Its unfortunate there is so much misinformation at everyone’s fingertips online (some of those videos people post make me cringe) and much of what I read is that same misinformation republished even in trade magazines over and over, same boring virtually meaningless stuff. But if you think about it, many of the people writing are getting their information online rather than from experience.

If you are a professional painter like me then you too are probably familiar with the misinformation. You want information beyond your current knowledge both with product and with acquired skills. You want to seek out something new, something you don’t already know that can benefit your business. For those new to the painting business, misinformation might send those readers on a costly expense of learning the truth the hard way. This is where the information on this blog becomes such a huge resource of information. I didn’t find this information anywhere online, I write about my real in-the-field applications, methods, products and experience. The information here isn’t secondhand and copied from various unreliable sources. There is no ‘grapevine’ effect.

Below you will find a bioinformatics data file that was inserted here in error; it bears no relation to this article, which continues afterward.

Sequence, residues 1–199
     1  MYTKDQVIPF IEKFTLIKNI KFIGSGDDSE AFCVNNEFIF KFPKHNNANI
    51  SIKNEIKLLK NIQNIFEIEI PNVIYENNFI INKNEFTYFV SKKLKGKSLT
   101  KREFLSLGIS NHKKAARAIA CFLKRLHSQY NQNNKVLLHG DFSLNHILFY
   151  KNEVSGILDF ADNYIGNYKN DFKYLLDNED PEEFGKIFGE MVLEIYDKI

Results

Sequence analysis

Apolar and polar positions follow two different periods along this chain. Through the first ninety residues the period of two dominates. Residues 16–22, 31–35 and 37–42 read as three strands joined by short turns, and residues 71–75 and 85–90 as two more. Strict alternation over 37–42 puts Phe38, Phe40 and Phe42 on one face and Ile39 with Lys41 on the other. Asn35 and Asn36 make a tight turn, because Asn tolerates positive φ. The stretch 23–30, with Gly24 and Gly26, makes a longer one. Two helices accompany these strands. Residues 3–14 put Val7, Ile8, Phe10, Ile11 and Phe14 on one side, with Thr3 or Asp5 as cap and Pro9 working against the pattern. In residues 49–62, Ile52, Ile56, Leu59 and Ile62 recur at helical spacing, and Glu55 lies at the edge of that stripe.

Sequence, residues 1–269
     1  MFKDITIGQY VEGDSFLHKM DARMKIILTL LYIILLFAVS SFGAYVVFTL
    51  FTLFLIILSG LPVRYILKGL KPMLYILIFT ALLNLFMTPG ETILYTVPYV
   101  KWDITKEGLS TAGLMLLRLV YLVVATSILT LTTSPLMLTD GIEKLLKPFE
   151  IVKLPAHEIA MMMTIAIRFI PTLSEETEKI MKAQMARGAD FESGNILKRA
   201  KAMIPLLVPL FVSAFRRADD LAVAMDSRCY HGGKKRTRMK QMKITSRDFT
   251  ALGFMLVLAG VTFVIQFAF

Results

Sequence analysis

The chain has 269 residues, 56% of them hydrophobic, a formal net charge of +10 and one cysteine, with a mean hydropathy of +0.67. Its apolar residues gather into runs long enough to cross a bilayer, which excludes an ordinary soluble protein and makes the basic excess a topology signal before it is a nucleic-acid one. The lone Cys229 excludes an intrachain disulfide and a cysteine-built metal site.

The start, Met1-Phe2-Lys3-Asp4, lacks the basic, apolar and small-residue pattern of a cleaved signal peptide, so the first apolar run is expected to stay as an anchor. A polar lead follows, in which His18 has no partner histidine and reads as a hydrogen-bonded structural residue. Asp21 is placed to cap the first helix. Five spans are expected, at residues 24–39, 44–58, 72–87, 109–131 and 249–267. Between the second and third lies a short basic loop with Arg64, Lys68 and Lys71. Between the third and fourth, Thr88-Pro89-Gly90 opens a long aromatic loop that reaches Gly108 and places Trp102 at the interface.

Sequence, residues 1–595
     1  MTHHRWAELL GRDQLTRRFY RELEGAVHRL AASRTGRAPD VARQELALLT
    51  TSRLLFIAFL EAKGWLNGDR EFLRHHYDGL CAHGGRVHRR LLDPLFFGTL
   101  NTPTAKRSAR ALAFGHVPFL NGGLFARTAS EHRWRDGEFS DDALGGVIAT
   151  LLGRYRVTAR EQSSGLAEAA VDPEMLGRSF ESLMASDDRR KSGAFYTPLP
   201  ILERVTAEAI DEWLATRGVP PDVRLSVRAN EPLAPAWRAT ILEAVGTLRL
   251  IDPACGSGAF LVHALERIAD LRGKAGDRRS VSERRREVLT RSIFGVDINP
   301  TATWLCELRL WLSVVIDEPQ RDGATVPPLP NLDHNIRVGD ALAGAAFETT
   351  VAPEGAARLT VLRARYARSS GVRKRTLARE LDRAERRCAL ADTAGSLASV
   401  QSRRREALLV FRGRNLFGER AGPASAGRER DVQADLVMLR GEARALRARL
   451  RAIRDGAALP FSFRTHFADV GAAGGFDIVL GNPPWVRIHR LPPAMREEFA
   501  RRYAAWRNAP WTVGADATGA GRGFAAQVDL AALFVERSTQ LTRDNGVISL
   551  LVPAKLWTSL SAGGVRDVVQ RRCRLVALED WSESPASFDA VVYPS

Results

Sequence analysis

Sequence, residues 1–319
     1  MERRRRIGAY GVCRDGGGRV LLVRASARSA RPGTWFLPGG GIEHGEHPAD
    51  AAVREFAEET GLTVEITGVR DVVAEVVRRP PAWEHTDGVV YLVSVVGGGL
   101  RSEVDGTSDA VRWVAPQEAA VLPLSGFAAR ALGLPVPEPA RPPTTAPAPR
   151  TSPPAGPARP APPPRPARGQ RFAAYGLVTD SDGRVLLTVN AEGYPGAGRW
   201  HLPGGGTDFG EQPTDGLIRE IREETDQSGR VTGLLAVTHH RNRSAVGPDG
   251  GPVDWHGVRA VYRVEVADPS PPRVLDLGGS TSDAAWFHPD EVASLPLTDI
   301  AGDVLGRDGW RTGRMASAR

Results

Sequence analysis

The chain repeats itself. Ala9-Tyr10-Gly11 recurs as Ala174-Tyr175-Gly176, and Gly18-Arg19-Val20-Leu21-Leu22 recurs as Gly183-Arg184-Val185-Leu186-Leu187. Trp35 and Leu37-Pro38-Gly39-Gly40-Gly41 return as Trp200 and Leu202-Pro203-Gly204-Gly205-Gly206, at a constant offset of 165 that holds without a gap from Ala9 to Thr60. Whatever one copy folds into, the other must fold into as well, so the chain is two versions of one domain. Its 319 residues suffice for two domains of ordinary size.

Here are just a few myths busted on painting. I will try to add to the list for those who write in asking about things they read online or elsewhere. You have every reason to question it and validate it.

1) An Illinois-based decorating company wrote along these lines: Without the correct brush, it won’t lay out a nice finish. This is not true at all. What he is trying to explain has little to do with the brush and more to do with product. I can provide you with an ultra smooth finish using a whisk brush that people use to sweep up into a dust pan.